Newspaper: I get my news online and on the radio. I know some people love the ritual of having their morning newspaper and coffee but try it online for a while and see how much inky fingers and elbows really mean to you. Also, actual newspapers stack up if you get too busy to read them unlike online news.

Take a look at your expenses and make each item and service earn a place in your life. And since preferences and priorities change regularly, it would be wise to do this periodically to make sure there aren’t untapped sources of savings going to waste right under your nose.

Image courtesy of Spitzgogo

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9 Responses to Necessities You Can Live Without

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  2. John Jay says:

    A few helpful add-ons…

    Books (from the bookstore). You pay for the library’s books through your taxes, so use them already! Save book purchases for books that you’ll constantly use and that will save you in other areas (eg, good cheap/healthy cookbook).

    Restaurant food. Make it at home for much less; eat out only occasionally.

    Most extended warranties, service plans, etc. If you have a bit of cash in the emergency fund, buying these is a waste unless you’re really unsure of the product- and in that case you shouldn’t be buying it in the first place!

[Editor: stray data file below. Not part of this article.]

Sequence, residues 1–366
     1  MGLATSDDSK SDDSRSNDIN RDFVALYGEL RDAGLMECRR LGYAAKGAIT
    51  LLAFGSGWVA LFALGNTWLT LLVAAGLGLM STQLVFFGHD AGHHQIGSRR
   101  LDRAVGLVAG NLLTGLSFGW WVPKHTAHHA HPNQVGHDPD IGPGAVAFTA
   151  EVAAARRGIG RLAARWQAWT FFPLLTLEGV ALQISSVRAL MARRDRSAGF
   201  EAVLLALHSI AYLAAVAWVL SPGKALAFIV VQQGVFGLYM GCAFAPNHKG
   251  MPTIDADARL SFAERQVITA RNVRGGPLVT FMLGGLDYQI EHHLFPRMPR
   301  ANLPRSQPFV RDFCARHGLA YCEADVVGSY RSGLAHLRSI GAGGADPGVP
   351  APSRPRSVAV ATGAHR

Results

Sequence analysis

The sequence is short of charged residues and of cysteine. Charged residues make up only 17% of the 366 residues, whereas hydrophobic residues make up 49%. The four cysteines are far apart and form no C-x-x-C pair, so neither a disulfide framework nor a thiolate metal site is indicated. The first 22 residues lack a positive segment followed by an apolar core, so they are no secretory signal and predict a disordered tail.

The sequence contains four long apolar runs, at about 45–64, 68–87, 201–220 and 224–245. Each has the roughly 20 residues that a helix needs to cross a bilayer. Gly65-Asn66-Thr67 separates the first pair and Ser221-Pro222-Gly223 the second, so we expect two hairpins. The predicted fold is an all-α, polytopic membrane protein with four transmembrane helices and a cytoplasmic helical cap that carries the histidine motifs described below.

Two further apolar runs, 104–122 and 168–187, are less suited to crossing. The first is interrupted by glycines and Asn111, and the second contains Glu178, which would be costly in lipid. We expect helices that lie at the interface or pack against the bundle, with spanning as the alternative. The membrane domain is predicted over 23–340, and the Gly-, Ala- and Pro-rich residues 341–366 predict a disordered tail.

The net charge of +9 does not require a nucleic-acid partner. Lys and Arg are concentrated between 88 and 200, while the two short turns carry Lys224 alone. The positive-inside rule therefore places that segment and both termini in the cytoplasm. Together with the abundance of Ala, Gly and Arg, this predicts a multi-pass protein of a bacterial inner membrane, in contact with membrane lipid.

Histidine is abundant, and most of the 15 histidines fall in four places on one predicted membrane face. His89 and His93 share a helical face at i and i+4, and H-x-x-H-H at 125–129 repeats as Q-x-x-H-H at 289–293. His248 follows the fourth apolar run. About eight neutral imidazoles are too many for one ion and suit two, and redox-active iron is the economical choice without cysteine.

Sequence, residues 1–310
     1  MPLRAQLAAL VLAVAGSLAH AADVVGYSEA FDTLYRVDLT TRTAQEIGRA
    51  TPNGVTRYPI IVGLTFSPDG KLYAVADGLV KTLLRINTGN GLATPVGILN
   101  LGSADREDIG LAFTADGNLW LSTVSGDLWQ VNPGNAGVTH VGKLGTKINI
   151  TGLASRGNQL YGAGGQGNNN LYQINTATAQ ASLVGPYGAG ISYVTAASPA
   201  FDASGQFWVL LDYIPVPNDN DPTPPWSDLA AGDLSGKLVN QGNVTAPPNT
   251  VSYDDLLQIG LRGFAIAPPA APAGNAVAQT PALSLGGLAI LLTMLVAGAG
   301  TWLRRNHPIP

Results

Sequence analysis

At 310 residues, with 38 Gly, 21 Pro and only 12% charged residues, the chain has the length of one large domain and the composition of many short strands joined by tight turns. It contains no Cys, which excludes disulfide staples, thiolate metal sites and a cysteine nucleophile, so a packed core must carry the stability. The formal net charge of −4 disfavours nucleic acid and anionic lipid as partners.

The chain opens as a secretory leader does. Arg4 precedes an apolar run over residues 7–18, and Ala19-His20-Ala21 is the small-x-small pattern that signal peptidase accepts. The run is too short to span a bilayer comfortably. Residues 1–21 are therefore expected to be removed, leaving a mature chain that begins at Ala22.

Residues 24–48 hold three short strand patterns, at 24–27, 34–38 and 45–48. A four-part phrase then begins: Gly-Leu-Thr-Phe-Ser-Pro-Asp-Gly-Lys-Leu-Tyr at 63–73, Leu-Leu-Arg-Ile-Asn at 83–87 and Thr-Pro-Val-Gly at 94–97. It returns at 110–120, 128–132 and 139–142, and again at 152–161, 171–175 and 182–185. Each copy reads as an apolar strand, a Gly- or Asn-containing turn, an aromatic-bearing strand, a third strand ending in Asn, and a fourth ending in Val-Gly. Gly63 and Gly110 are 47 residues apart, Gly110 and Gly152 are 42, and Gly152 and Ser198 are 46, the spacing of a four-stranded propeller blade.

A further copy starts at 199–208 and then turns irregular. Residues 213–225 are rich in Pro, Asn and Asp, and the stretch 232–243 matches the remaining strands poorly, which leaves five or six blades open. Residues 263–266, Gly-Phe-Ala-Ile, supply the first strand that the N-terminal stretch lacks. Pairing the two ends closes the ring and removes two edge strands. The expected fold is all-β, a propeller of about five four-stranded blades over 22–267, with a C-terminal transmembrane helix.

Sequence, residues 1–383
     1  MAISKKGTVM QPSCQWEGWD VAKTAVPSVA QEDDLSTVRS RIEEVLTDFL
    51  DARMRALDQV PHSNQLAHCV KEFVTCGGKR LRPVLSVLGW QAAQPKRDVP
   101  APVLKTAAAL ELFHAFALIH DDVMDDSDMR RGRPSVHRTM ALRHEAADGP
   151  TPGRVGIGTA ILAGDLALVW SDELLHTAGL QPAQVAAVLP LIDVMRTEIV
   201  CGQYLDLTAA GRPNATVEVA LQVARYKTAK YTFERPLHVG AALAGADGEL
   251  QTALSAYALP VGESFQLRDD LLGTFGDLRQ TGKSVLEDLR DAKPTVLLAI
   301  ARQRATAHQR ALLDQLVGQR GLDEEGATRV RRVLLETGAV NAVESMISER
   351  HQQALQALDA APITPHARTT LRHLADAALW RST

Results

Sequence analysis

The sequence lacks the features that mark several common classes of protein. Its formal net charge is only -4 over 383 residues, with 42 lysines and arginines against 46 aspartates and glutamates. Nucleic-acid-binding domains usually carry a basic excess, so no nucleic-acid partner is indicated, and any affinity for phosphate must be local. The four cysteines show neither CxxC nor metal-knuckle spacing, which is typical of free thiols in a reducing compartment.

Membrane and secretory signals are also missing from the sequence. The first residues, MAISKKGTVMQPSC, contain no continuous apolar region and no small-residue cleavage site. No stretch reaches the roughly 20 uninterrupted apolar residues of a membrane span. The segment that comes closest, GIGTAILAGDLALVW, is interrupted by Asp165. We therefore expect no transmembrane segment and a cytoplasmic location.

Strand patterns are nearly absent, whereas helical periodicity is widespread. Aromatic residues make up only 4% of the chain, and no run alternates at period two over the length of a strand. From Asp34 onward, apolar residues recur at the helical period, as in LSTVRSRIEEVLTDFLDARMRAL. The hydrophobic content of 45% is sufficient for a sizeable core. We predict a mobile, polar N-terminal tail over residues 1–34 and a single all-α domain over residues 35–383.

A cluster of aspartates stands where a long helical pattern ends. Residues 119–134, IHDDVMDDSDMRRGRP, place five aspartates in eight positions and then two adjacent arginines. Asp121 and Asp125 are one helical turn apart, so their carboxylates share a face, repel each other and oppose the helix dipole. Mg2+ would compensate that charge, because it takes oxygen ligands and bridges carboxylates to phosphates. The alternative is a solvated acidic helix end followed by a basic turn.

Gym membership. If you’re not going to run or lift free weights when it’s convenient at home, you’re probably not going to go out of your way to do it at a gym.

  3. Dan M says:

    I agree with the idea on saving on books. I used to be an junkee until I learned to simple be patient and use the library. I also find books there I never would have thought of on my own.

    My gym membership though is cheap for me YMMV, and other people that go to the gym 5-6 days a week. I do not have the space at home nor the money to buy all of that specialized equipment. Plus while I am there I am focused on working out.

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  5. Teresa says:

    Get rid of Netflix, etc. and if you have taken the advice in the article and don’t have cable/satellite TV, use your library for borrowing DVD too!

  6. Monica says:

    I already live without all of these, so I don’t consider them necessities. (In fact we have NO cars.) Any other ideas?

  7. Cindy M says:

    Wow, you’re the first person who feels the way I do about cell phones, the newspaper and cable TV. I don’t miss having any of them and am doing just fine. More power to you.

  8. Morfydd says:

    I don’t have a home phone – I’ve been cell-only for years now. That gets me call waiting and Caller ID automatically.

    I don’t feel compelled to answer it all the time, but find it useful. (It’s also my PDA, and sometimes web browser, etc.)

  9. Mark Pris says: